We have four cats, 3 girls 1 boy (from 3-12 years-old...all are spayed or neutered). The eldest female was declawed because of some behavior problems. She was adopted from the streets at ~7 months and is very high strung. She is no longer aggressive and generally ignores the other cats. The youngest, the male, is a well behaved cat, he is very affectionate with us and good with two of his sisters (playing and mutually washing, etc). However, he and his eldest sister do not get along. In the middle of the night when we are asleep, he will stalk and corner her. Often, he will do this when she is at her food bowl. This leads her to panic and often defecate or urinate near her food dish. The male knows this is unacceptable. When he does it while we are awake and see it happen, he is punished, often separated and placed in another room by himself for a period of time. And yet, he continues to exhibit this behavior. Is this dominance problem or are there any other causes. Is there anything we can do, apart from isolating the young cat to break this behavior? - Concerned & Frustrated
Dear Concerned & Frustrated,
I do not envy your situation. Your younger cat may be picking up on the anxiety of the older cat, they may have had a confrontation prior to the eldest being declawed or some other type of trauma. When you see the aggressive behavior punish him immediately and be sure that your cat does not associate you with the punishment. Using a water squirt gun will have the cat associate the punishment with the action and not with you. If your cat sees you punish him, what he learns is not to avoid the behavior, but to avoid the behavior in front of you. If instead you just separate the cats you are not addressing the core problem, which is the relationship between your youngster and the emotionally scarred cat. The problems will not go away, they will be postponed.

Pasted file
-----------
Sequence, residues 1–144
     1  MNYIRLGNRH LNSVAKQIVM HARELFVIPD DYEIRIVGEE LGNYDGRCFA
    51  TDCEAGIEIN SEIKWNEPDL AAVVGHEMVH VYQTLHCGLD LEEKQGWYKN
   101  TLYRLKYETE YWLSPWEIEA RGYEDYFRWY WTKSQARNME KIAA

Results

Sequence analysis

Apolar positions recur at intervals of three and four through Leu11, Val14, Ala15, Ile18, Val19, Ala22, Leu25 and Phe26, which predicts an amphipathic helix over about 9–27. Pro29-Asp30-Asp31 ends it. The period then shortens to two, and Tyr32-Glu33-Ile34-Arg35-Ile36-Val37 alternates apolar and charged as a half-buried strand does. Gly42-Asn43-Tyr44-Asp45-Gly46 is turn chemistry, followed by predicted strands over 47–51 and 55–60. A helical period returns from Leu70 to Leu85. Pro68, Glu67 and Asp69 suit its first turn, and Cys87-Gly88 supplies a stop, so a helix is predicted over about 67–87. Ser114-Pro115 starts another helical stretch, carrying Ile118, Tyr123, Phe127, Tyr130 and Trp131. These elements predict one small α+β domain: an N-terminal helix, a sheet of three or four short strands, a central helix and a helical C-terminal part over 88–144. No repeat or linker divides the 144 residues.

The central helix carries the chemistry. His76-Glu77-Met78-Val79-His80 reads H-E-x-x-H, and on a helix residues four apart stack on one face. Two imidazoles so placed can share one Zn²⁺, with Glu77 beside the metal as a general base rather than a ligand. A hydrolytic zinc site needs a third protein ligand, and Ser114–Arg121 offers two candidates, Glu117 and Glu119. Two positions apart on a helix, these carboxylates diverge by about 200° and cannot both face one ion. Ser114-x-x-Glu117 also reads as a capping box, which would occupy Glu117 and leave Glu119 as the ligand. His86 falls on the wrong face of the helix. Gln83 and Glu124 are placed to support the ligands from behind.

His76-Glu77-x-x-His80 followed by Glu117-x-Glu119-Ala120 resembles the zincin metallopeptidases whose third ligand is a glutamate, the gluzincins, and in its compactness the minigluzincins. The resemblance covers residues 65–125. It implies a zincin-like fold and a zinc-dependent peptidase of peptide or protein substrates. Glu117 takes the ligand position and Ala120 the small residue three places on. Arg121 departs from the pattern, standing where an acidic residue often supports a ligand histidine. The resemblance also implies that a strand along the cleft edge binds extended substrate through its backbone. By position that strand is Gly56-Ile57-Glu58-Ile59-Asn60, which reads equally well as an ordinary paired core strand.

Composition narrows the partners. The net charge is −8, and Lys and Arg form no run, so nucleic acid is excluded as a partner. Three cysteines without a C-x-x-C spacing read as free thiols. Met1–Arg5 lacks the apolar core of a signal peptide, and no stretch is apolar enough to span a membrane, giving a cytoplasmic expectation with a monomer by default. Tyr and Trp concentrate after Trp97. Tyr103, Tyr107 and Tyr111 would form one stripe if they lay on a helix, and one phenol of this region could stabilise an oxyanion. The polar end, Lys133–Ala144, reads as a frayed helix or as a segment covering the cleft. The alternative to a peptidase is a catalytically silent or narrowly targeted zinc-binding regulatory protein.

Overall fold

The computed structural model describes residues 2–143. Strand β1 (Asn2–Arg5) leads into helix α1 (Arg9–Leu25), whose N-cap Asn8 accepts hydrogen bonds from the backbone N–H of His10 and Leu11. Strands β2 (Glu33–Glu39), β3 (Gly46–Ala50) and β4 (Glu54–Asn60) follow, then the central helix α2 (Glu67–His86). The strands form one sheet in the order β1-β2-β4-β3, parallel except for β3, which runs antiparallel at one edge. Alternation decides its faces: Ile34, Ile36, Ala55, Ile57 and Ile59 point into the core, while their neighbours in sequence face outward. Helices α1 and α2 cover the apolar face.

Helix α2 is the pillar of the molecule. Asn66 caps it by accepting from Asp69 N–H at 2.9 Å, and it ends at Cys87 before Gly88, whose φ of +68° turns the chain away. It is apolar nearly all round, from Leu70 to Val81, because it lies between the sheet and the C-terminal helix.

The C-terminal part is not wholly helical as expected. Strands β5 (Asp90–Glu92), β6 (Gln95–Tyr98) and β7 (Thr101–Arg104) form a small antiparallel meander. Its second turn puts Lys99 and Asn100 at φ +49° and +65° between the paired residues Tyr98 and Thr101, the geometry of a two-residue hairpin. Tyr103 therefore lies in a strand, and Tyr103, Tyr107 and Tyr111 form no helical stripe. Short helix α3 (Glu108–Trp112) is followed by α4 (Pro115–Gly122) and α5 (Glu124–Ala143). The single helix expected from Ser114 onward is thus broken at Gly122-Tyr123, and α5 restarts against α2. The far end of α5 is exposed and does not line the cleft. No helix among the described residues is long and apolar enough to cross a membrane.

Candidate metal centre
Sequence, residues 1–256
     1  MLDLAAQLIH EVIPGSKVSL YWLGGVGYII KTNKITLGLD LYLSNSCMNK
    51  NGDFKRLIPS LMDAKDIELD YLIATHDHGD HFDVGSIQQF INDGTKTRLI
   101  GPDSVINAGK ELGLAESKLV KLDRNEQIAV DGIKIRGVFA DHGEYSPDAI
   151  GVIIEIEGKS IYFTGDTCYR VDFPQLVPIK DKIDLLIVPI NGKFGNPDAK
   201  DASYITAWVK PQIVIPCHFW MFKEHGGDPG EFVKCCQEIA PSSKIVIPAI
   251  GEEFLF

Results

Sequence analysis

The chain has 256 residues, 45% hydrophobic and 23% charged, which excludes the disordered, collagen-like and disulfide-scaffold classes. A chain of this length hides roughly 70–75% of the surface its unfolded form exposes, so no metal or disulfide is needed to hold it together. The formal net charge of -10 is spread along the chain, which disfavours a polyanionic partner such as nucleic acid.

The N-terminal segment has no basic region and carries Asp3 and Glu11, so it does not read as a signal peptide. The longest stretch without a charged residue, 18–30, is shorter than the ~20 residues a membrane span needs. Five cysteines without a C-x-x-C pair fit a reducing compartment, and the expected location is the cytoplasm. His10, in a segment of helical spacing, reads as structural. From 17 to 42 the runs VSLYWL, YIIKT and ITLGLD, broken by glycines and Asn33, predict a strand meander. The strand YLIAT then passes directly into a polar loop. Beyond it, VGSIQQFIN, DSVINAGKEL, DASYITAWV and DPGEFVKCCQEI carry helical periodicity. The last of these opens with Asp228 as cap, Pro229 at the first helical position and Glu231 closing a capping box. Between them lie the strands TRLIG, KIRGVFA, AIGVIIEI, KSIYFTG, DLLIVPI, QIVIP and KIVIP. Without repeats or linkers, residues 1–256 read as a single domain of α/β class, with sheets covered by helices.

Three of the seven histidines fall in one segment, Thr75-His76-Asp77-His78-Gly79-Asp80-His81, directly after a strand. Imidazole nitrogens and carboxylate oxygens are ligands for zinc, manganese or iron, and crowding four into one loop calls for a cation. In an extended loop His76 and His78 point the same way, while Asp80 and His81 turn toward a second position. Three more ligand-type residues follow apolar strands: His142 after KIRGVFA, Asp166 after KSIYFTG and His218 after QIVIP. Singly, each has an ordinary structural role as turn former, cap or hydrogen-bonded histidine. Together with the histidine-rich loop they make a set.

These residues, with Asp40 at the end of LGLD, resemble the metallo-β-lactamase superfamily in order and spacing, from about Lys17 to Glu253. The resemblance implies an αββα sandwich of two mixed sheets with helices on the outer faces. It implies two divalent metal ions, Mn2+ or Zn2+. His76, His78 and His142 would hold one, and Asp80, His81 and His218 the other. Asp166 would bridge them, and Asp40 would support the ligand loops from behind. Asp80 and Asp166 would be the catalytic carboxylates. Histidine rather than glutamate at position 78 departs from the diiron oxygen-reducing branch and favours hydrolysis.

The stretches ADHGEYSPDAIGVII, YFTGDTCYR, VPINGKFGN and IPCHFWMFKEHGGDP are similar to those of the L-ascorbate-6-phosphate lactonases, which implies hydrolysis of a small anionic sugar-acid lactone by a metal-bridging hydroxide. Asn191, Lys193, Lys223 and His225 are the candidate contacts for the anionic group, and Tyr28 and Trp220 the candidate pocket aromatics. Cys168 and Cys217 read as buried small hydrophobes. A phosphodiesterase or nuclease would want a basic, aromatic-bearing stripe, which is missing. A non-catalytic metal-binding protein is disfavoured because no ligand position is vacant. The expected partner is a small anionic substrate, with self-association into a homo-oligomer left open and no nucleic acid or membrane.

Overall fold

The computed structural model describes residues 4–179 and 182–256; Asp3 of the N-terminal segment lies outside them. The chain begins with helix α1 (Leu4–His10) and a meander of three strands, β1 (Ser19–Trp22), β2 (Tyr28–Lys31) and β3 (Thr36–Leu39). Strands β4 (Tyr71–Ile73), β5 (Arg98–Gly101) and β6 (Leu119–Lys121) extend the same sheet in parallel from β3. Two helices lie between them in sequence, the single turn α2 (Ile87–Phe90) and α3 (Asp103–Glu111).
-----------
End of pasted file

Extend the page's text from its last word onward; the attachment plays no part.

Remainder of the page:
I recommend taking your older cat to your veterinarian. He or she can prescribe anti-anxiety medications that will reduce her anxiety. This may in turn reduce any signals your older cat is sending the aggressive male and may lead to less conflict. Simba
I have two cats named Zeus (male) and Hera (female) and my neighbor has a cat named Inky(female). Inky was not taken very good care of so he comes over and eats out of cat's bowl. After feeling sorry for in Inky my family decided to star taking care of her. However, my cats bully Inky around! Zues does not attack her, but he stalks and stares at her. They often make long howling meows. Hera stalks in key, often tries to attack Inky, hisses at her and also makes that long howling meow and screaming meows. Inky just runs from them.
Why are my cats doing this to Inky? How do I train them to like Inky? Why is Hera more aggressive than Zeus? Brandon
As you know from reading the letters below, cats can be quite peculiar and territorial at times.
I think there are several reasons your cats do not yet like Inky. One is that she is not family. Inky does not live with you and your family and because of that she has not had the opportunity to bond with you guys. Zeus & Hera likely view Inky as a vagrant that wanders over and eats their food. Naturally, they see her as a threat. As for why Hera is more aggressive than Zeus, I do not know.